Yoo open to company tax rate rise
Yoo’s statement was a direct contradiction of the administration’s vow of no tax increases. But it follows an embarrassing increase in income tax bills for middle-class workers for 2014, which the administration had promised wouldn’t happen.
“If the government leaves the corporate tax intact while increasing income taxes, the government has no reasonable ground to persuade ordinary people to contribute more to tax revenues [to cover rising welfare spending],” said Yoo in an interview with the JoongAng Ilbo Wednesday at his National Assembly office, a day after he was elected to the ruling party’s second most powerful position.
His openness to the restoration of a 25 percent corporate tax rate for companies with taxable incomes exceeding 20 billion won ($18 million), which was slashed to 22 percent by the business-friendly Lee Myung-bak government, raises the prospect of tensions between the party and the Blue House, which is still determined to not raise taxes.
Yoo, who has a doctoral degree in economics from the University of Wisconsin, said the National Assembly must reach a consensus on whether the country should increase the scope of its welfare benefits accompanied by higher taxes or cut welfare spending to keep taxes low before a general election in April 2016.
“People now know there is no such thing as a free lunch,” said the three-term lawmaker, who hails from Daegu.
On the Park Geun-hye government’s economic policy, which some critics blame for doing little to none to address a widening income gap in Korea, Yoo acknowledged that the government’s policies so far have fallen short of addressing the polarization.
Yoo’s honest remarks on the performance of the Park government reflect his pledge to put the Saenuri back at the center of national policy making, and a promise to be assertive in his demands on the Blue House.
The 57-year-old lawmaker said he called the president Monday night after his election.
“She asked for my cooperation in coordinating an effective relationship among the Blue House, the Saenuri and government branches. And I told her she didn’t have to worry,” said Yoo.
Yoo was known as one of the first batch of lawmakers loyal to Park when she was a lawmaker.
But he is also said to have strayed from the circle of lawmakers close to her after he made a series of critical remarks over the way she handled national affairs.
“I never thought of myself as a non-mainstream lawmaker outside of the pro-Park faction,” he said in the interview. “I supported her during her confrontation with the Lee Myung-bak government over the revision of the Sejong City project. … People may think [I have a strained relationship with Park] because we had our differences of opinion, which were exposed to the public from the lack of opportunities to communicate with each other.”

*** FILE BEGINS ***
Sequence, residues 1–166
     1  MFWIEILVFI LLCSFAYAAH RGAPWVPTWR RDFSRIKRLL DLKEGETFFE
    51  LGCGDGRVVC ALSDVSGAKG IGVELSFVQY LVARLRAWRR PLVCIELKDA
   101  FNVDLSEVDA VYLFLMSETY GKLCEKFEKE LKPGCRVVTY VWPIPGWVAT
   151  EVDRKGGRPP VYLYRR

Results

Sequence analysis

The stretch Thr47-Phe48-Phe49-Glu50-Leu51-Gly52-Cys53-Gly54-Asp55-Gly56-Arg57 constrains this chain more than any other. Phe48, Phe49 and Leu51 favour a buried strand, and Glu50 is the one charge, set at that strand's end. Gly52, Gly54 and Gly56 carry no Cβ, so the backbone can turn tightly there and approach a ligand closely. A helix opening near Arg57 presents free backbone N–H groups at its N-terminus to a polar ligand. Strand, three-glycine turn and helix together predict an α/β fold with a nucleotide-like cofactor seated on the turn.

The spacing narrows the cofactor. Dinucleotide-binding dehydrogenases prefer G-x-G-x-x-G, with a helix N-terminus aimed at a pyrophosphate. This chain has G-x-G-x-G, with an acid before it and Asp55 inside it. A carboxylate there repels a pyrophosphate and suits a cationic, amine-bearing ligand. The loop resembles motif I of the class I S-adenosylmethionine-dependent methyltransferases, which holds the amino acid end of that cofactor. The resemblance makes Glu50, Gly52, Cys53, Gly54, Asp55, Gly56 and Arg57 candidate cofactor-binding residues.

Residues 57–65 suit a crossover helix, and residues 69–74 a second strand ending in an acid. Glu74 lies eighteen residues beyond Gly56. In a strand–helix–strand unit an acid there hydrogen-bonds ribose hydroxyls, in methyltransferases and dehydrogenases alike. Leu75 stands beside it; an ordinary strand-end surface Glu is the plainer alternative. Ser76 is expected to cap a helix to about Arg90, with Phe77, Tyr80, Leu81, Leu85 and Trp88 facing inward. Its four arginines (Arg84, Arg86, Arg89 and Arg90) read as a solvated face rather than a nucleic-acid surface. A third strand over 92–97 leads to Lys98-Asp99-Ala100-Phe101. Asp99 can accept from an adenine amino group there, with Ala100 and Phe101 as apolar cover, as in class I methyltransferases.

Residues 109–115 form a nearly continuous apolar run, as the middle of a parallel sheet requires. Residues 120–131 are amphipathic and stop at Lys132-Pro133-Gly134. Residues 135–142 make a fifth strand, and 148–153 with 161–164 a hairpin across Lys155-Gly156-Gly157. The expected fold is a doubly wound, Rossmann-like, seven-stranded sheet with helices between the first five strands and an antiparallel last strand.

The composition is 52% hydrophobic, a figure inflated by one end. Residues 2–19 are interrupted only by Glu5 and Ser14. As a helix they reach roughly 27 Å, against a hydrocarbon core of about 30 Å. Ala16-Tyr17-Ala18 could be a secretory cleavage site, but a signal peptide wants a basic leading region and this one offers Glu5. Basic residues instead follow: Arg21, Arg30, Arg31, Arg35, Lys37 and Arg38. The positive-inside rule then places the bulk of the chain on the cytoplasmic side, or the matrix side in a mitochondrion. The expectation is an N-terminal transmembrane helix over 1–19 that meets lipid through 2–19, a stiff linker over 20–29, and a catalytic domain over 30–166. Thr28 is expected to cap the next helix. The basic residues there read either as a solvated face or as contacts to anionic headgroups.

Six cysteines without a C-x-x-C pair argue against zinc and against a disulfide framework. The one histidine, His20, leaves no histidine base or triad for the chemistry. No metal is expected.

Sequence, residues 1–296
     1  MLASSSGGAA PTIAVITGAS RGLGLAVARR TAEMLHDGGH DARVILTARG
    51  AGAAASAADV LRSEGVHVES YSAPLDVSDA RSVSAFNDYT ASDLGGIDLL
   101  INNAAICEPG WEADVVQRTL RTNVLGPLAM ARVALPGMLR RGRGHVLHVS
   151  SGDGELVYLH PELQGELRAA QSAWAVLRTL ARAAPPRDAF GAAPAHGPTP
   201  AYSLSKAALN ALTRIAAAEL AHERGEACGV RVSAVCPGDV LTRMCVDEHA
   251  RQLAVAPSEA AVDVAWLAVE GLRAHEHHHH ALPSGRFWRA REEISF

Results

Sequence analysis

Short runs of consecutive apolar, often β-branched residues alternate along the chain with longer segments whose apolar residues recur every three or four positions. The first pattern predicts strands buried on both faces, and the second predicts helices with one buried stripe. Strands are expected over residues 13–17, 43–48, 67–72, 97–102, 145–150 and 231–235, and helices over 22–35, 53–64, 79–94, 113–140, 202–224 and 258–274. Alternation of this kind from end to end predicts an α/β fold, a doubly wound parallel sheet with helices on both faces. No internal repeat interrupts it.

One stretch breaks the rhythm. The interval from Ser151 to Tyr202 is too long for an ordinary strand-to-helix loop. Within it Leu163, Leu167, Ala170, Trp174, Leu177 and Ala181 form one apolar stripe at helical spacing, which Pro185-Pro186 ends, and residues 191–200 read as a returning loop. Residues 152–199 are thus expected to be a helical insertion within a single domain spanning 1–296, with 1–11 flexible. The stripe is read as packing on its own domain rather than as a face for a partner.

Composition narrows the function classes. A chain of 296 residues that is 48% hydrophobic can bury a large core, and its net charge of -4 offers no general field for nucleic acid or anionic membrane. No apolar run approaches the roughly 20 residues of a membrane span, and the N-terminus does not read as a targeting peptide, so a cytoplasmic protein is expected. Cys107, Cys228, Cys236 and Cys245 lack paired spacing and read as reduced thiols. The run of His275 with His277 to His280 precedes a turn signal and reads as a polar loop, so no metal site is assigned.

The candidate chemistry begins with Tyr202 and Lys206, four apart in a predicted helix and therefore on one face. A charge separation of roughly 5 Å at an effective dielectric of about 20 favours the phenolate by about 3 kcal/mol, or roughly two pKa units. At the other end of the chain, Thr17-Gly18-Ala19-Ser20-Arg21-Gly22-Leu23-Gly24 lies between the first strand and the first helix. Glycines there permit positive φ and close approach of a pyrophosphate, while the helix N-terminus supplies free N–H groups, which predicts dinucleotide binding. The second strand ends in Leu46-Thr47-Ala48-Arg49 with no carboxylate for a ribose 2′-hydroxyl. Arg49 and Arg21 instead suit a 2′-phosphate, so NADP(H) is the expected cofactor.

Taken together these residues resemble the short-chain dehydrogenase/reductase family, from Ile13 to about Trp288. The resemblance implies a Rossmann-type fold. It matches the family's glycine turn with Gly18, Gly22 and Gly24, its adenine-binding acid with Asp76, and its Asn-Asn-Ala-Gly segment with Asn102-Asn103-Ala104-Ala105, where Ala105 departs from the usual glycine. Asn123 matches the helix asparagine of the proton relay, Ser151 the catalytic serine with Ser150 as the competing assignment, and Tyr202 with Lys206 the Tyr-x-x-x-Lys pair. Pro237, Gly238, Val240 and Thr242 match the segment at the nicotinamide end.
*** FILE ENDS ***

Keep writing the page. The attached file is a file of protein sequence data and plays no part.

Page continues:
On speculation that the ruling party has been excluded from the presidential office’s policy-making process, despite three cabinet members coming from the party, Yoo said, “I don’t think those cabinets members have much authority that go beyond ministerial jobs. So far, it seems that the Blue House holds a discussion after it already has decided what action to take, treating those discussions as formalities.”
He stressed that the Saenuri will “need to take part in the policy-making process and have the Blue House consult with us before making a policy directive from now on.”
On the economic policy driven by Finance Minister Choi Kyung-hwan, the former Saenuri floor leader, he said pumping money into a short-term stimulus program in a stagnant economy won’t do much.
“I have nothing against the Choi team’s efforts to revive the economy. But if you want to have tangible outcomes from your short-term stimulus package, you need to have a cycle of reviving the economy and having the economy grow, which leads to increased tax revenues,” said the former economist.
“But in the current state of an economy mired in low growth for years, pumping money into the market will have little impact on jump-starting the economy. The government must pay heed to worries raised by economic experts that money pumped into the market under short-term stimulus programs will go down the drain when an economy is projected to grow no more than 3 percent a year.”
BY KIM JUNG-HA, KANG JIN-KYU [firstname.lastname@example.org]
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